In 2012, a novel titled The Taliban Cricket Club, by the writer Timeri N Murari, was published worldwide. Set in Kabul, its main protagonist was Rukhsana, a young journalist who chafed at the restrictions placed by the Taliban regime on Afghan women. Fired from her job at the fictional Kabul Daily, Rukhsana uses a pseudonym to file news stories for an Indian newspaper on life under Taliban rule.
Eventually, she employs her unique skillset – knowledge of cricket – to outwit the Taliban’s attempt at complete control. Rukhsana coaches her brother and male cousins in order for them to win a government-organised cricket tournament. In this way, she is able to secretly challenge the Taliban’s stark injunction as described in the book: “Women must be seen only in the home and in the grave”. She makes her mark as an educated Afghan woman and “a good off-spinner”.
The Taliban Cricket Club is not a great literary work, but it does accomplish something few other books on Afghan women had managed until then. It makes the dreadful reality of Taliban rule easier to imagine and comprehend. Humans, as the philosopher Yuval Noah Harari says, "think in stories".
Events in recent days suggest that Rukhsana's resistance to the severe constraints imposed by the Taliban are becoming relevant once again. The US is talking to the Taliban about withdrawing troops. Intra-Afghan talks have been held in Doha, jointly organised by Qatar and Germany. Recently, the Taliban delegation indicated a new willingness to acknowledge women's rights. The Taliban representatives were in the same room as Afghan women who weren't related to them. They talked to the women and ate with them.
All of this has fed a new hopeful sense of coming change in Afghanistan. A new narrative is said to be taking shape, with the conflict-scarred country moving forward towards a brighter future, which is to be based on an intra-Afghan consensus. The US administration, which is understood to want a deal with the Taliban by September, has already been talking up the real and symbolic importance of what is under way.
Zalmay Khalilzad, US President Donald Trump’s special envoy for Afghanistan reconciliation, has denied the US wants to cut and run, abruptly ending the 18-year war it has prosecuted there. Instead, he insists, “We would like to leave a very positive legacy here”. And Alice Wells, acting US assistant secretary of state for South and Central Asia, has warned that Afghanistan's future relationship with the US will “depend heavily” on preserving the gains made by women. “No current or future Afghan government should count on international donor support if that government restricts, represses or relegates Afghan women to second-class status,” she said.
This is tough talk but the Americans may withdraw anyway, pronouncing themselves satisfied that Afghanistan is at peace. That may mean an unenforceable agreement with the Taliban both with respect to power sharing and gender rights.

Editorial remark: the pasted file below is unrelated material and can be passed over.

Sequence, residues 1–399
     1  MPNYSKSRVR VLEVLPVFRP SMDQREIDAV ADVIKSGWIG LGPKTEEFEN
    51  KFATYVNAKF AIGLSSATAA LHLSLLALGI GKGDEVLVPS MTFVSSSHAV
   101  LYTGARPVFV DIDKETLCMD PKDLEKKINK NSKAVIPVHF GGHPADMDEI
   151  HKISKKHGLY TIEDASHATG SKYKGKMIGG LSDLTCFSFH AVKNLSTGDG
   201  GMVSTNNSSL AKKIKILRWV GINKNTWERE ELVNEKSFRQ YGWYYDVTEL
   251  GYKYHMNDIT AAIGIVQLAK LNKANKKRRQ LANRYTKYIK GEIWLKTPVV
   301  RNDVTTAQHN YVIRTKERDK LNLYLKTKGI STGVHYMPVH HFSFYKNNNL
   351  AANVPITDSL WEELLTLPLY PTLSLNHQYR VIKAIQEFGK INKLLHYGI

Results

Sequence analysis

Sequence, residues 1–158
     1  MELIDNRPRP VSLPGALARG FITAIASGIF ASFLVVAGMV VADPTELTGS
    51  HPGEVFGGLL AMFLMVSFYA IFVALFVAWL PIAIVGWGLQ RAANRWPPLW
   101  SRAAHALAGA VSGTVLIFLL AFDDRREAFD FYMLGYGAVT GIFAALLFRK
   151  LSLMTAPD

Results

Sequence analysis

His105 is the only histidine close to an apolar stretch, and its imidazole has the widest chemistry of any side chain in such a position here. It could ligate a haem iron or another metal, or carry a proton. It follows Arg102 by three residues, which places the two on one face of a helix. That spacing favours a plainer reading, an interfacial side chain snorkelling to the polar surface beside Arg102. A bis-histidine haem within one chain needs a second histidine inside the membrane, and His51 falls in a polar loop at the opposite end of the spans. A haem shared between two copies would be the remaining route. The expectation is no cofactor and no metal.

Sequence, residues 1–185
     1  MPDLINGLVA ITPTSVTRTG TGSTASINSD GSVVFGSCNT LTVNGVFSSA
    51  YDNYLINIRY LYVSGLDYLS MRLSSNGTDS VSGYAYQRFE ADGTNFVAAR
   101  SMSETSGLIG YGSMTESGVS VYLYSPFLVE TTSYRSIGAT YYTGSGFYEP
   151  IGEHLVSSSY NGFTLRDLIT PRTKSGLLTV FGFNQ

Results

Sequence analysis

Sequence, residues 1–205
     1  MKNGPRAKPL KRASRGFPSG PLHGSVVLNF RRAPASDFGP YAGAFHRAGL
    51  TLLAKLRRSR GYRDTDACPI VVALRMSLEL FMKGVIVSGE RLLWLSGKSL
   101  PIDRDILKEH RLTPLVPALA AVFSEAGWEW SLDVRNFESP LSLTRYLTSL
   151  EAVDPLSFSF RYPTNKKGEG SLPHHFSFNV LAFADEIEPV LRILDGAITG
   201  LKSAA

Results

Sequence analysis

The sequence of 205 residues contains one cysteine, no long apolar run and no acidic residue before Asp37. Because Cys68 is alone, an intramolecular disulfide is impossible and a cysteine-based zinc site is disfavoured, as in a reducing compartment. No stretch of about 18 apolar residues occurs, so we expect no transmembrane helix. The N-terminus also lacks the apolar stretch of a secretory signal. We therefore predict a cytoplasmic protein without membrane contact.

Many difficulties lie ahead.
First, there are the discrepancies in various translations of the declaration agreed in Doha. The Pashtu version, the only one likely to be read by the majority of the Taliban’s supporters, reportedly had no mention of protecting women’s rights. Was this mendacity or merely a mistake? Is the Taliban pretending it will safeguard women’s rights while reassuring its core constituency there will be no compromise on ideological positions with respect to gender?
Second, consider the Associated Press report on an exchange from the Doha conference. It might have been either playful or ominous, depending on who you ask. The news agency quoted Asila Wardack, a female member of the Afghan peace council. She said two of the Taliban approached her and other female conference participants. The Taliban said they had heard a group of "dangerous women" were going to be at the meeting. One of the men added: "Please don't give us a hard time."
What could that possibly mean? Was it a jocular way for the Taliban to acknowledge women had a right to be angry? Is the Taliban now willing to accept their five years in power, from 1996, were horrific for women, who were barred from schools, colleges, offices and from any public presence except as veiled figures? Or did those two Taliban men speak in that way to Ms Wardak and other women because they honestly believe the female sex comprises harridans and termagants?
Finally, consider the “roadmap to peace” agreed between the Taliban and Afghan government representatives in Doha. The Taliban insisted the government representatives attend in a personal capacity, which means the roadmap doesn’t really have any official sanction. And the promised protections for women’s rights are to be within the vague and unspecified parameters of an "Islamic framework". The Taliban could quite easily define the “framework” in terms of their past misogyny. There are bound to be theological differences about Islam’s view of women’s rights. The Taliban do not have political positions so much as religious ones. Political positions allow for compromise; moral ones do not.